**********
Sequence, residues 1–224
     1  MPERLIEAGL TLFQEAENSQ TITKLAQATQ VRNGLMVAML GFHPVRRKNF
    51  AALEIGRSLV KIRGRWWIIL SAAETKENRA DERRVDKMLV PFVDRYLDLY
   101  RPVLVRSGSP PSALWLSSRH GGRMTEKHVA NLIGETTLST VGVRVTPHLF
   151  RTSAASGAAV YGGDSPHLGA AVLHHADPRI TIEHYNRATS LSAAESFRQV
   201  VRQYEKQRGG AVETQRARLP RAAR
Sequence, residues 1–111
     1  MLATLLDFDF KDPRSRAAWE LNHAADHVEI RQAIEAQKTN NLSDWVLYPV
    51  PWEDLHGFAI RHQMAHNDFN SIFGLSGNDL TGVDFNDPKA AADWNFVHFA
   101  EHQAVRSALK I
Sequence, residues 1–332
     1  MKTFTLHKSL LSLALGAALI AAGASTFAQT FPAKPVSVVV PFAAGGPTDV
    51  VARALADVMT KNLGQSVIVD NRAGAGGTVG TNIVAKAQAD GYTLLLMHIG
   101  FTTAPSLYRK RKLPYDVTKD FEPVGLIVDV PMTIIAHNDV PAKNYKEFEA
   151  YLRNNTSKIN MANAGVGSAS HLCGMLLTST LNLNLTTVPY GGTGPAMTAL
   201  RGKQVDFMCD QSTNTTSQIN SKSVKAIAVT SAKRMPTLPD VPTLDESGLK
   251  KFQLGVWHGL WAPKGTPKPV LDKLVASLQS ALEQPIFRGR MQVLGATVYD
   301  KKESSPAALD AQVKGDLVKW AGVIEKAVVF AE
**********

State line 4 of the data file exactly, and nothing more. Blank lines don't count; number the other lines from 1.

   101  RPVLVRSGSP PSALWLSSRH GGRMTEKHVA NLIGETTLST VGVRVTPHLF